oracle ALL=(root) NOPASSWD:/home/oracle/.orachk/root_orachk.sh
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New /etc/sudoers entry:
oracle ALL=(root) NOPASSWD:/home/oracle/root_orachk.sh
You can also change the location of those scripts by setting the environment variable
RAT_ROOT_SH_DIR.
export RAT_ROOT_SH_DIR=/some/other/location
1.1.6 Email Notification and Health Check Report Overview
The following sections provide a brief overview about email notifications and sections
of the HTML report output.
•
First Email Notification (page 1-10)
After completing health check runs, the daemon emails the assessment report as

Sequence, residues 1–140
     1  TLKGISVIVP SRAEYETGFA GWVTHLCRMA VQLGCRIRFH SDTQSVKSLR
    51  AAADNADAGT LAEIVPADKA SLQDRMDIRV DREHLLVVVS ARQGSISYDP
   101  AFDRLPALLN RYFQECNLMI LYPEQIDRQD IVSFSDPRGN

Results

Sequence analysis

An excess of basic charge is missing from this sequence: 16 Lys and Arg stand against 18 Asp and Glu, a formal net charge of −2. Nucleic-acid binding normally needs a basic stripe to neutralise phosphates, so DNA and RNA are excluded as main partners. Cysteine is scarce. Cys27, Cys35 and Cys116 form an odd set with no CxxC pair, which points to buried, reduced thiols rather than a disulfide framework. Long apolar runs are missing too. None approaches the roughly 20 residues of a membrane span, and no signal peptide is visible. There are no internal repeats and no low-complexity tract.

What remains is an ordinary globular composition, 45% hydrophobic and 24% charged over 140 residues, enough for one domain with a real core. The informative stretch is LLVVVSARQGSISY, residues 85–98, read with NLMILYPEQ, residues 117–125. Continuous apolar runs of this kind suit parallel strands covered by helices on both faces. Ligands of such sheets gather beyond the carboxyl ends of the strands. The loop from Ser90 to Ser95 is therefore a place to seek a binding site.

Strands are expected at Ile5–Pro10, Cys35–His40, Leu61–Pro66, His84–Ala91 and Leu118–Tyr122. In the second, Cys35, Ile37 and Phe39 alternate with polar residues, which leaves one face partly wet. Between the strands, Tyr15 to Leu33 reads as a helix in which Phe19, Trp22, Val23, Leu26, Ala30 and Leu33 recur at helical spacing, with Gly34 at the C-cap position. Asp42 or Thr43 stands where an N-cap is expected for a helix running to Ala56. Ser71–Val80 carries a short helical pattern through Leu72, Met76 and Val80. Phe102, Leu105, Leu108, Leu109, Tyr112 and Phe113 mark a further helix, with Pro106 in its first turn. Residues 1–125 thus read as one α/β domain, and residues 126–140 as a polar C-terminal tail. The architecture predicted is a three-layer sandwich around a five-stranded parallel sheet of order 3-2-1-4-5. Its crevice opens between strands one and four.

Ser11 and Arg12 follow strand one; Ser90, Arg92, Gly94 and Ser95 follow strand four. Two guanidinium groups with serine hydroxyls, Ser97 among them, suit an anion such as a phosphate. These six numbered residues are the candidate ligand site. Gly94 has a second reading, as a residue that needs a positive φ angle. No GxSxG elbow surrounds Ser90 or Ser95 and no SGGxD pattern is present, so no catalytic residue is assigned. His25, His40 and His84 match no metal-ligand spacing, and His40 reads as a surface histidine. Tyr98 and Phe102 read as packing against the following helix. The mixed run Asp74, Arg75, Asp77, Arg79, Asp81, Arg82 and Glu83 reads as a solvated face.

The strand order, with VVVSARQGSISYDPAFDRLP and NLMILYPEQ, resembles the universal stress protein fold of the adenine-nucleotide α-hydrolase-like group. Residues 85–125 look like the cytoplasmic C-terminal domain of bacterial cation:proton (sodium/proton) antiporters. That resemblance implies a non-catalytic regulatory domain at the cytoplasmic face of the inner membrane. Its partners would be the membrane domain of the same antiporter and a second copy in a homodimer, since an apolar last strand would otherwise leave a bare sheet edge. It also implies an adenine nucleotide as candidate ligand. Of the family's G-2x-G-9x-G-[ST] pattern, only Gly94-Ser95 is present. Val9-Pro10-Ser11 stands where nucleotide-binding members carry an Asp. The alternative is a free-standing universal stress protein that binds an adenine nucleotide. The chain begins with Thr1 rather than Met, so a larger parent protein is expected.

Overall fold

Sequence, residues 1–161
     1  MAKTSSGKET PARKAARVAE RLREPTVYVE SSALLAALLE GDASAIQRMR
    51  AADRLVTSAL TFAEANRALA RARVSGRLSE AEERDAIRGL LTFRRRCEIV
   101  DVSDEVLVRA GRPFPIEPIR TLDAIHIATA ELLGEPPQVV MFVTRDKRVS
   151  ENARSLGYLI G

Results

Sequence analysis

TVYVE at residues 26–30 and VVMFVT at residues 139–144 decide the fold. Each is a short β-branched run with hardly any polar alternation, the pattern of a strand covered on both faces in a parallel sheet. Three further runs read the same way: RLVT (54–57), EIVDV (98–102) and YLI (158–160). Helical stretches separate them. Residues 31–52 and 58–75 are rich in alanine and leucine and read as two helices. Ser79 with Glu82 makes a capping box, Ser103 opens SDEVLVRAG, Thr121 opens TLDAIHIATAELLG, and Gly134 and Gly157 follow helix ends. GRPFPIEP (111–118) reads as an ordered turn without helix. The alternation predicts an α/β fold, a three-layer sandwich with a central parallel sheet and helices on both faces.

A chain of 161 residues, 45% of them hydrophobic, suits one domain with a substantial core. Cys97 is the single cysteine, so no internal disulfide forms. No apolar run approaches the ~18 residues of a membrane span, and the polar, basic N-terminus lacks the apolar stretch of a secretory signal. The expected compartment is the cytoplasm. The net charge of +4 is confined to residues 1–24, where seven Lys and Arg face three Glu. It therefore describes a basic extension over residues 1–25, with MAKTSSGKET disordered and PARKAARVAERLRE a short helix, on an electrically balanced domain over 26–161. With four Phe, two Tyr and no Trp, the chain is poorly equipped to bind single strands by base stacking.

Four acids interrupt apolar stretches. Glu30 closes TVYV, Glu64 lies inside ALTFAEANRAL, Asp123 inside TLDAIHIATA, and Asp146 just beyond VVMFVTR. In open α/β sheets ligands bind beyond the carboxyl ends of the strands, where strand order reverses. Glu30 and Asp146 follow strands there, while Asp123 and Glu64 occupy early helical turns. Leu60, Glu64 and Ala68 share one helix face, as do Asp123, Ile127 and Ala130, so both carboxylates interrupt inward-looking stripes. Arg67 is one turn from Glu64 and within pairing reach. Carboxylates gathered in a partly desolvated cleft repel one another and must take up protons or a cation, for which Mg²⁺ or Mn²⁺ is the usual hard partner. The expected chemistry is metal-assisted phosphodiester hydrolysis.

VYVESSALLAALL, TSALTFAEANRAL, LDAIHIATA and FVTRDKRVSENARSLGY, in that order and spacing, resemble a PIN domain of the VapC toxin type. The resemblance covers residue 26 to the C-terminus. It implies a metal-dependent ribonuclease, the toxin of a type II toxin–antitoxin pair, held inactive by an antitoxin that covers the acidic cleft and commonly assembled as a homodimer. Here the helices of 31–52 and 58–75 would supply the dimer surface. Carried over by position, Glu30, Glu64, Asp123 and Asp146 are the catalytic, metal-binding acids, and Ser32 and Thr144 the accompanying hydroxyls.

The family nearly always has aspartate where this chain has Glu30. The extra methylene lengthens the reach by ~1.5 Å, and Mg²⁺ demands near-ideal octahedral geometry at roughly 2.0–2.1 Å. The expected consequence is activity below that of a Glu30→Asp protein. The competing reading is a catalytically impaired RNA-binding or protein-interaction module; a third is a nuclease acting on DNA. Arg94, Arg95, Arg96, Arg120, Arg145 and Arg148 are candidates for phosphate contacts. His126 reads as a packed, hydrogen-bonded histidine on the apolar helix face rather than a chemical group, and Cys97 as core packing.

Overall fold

an HTML attachment to all users that you have specified in the NOTIFICATION_EMAIL
list.
•
What does the Health Check Report Contain? (page 1-10)
Health check reports contain the health status of each system grouped under
different sections of the report.
•
Subsequent Email Notifications (page 1-12)
For the subsequent health check runs after the first email notification, the daemon
emails the summary of differences between the most recent runs.
•
Diff Report (page 1-13)
The diff report attached to the previous email notification shows a summary of
differences between the most recent runs.
1.1.6.1 First Email Notification
After completing health check runs, the daemon emails the assessment report as an
HTML attachment to all users that you have specified in the NOTIFICATION_EMAIL list.
1.1.6.2 What does the Health Check Report Contain?
Health check reports contain the health status of each system grouped under different
sections of the report.
The HTML report output contains the following:
•
Health score
•
Summary of health check runs
•
Table of contents
•
Controls for report features
•
Findings
•
Recommendations